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Origins of the american government ppt

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  • 1. Mr. Loc
  • 2. Ideas behind the forms of Government  The origins of America’s government can be traced back some 200-300 years.  The new colonists in the Americas as they began to settle along the cost and develop colonies, ports, and cities, would take ideas from the Enlightenment Period.  In the case of the Pilgrims in Massachusetts, some groups were escaping persecution in England.  Many of the laws that would come to be created stemmed from the ideas of equal treatment for all men.
  • 3. Continued • The need for an ordered social system, or government. • The idea of limited government, that is, that government should not be all-powerful. • The concept of representative government—a government that serves the will of the people
  • 4. How our government formed over Time
  • 5. Three types of American Colonies  The royal colonies were ruled directly by the English monarchy.  The King granted land to people in North America, who then formed proprietary colonies.  The charter colonies were mostly self-governed, and their charters were granted to the colonists.
  • 6. British Colonial Practices  Until the mid-1700s, the colonies were allowed a great deal of freedom in their governments by the English monarchy.  In 1760, King George III imposed new taxes and laws on the colonists.  The colonists would eventually: form a confederation, propose an annual congress, and began to rebel for independence.
  • 7. Earliest forms of government  Mayflower Compact  Colonist on the Mayflower signed the Compact agreeing to help aid in the common good of all the people.  They agreed to create laws and follow the laws.  This form of government was basically a classical liberalism.  Virginia Colony  Known for its rocky start in which the colony experienced times of hardship, but thanks to James Smith, Jamestown developed a “No work, no food” policy and soon prospered.
  • 8. Origins of Colonial Unity Early Attempts  In 1643, several New England settlements formed the New England Confederation.  A confederation is a joining of several groups for a common purpose.
  • 9. Origins of Colonial Unity The Albany Plan  In 1754, Benjamin Franklin proposed the Albany Plan of Union, in which an annual congress of delegates (representatives) from each of the 13 colonies would be formed.  Would inspire some of the basis for the future Articles of Confederation.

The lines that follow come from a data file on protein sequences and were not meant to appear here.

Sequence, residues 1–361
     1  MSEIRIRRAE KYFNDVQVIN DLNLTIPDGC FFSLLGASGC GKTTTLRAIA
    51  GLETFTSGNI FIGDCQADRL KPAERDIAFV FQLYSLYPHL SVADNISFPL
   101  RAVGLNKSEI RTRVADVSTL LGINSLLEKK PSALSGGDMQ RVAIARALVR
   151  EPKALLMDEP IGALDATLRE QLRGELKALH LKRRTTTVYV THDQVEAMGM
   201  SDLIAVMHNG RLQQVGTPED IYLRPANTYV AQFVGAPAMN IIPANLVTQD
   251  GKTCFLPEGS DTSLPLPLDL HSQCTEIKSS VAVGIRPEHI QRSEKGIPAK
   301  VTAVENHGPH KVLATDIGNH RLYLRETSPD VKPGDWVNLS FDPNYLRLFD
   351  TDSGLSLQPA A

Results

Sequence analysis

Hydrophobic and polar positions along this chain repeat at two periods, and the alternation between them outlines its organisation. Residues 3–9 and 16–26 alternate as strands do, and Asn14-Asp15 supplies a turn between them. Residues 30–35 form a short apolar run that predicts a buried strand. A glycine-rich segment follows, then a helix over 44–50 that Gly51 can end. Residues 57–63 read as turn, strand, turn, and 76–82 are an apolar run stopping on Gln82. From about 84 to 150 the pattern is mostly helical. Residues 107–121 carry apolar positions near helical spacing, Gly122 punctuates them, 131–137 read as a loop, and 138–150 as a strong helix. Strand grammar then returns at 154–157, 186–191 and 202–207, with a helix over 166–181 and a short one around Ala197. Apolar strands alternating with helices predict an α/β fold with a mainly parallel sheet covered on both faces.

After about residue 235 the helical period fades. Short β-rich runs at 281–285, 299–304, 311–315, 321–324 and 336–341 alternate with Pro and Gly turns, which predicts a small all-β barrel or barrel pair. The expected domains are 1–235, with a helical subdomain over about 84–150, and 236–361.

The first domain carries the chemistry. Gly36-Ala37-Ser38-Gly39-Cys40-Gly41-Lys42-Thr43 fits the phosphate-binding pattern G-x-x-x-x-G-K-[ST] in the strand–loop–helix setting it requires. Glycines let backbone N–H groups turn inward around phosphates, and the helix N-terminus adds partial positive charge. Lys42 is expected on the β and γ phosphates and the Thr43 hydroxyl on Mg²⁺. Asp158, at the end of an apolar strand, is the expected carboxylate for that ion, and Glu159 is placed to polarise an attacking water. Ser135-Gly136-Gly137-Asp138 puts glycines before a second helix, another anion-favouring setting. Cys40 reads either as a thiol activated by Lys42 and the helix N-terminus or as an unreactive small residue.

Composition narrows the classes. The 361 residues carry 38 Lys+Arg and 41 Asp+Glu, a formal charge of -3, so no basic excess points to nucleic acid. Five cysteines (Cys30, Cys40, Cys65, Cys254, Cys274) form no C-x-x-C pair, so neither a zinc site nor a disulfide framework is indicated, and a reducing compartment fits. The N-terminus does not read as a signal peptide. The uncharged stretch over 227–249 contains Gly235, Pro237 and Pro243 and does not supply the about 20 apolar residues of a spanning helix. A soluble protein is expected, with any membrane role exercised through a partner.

• 10. The Mid-1700’s in America
  • 11. Problems with the British  During the mid-1700’s, the British would begin to impose unfair laws such as taxes to the American colonists.  Most of the taxes would be in an effort to create revenue to fuel the British military campaigns in Canada or abroad.  The Intolerable Acts were a set of laws put forth by British colonial rulers that imposed unfair treatment of the American colonies OR imposed heavy taxes upon the colonists, or goods they purchased.
  • 12. Intolerable Acts Continued
  • 13. Intolerable Acts  Stamp Act of 1765  Required printed documents to be produced on stamped paper and carry a Revenue (tax) stamp.  Townshend Acts of 1768  Acts that lead to further Taxation  Quartering Act of 1765  An act created by Thomas Gage, commander-in-chief of the British in America. Used the act to allow soldiers to stay in the houses of colonists.  Tea Act of 1773  An act to help the struggling British Easy India company survive, as well as to support the Townshend duties.  Also attempted to cut down on smuggling tea into the Americas.
  • 14. “No Taxation without Representation!”  A Quote from the 1750’s and 1760’s in which many colonists felt they were not directly represented in the distant British Parliament.  Any laws that were passed that were aimed at taxing them were illegal under the English Bill of Rights, 1689.  This slogan, along with the idea of fair treatment and equal representation would become further basis for laws in the new future government.  Intolerable Acts angered many Americans and would be one of the primary factors for Independence.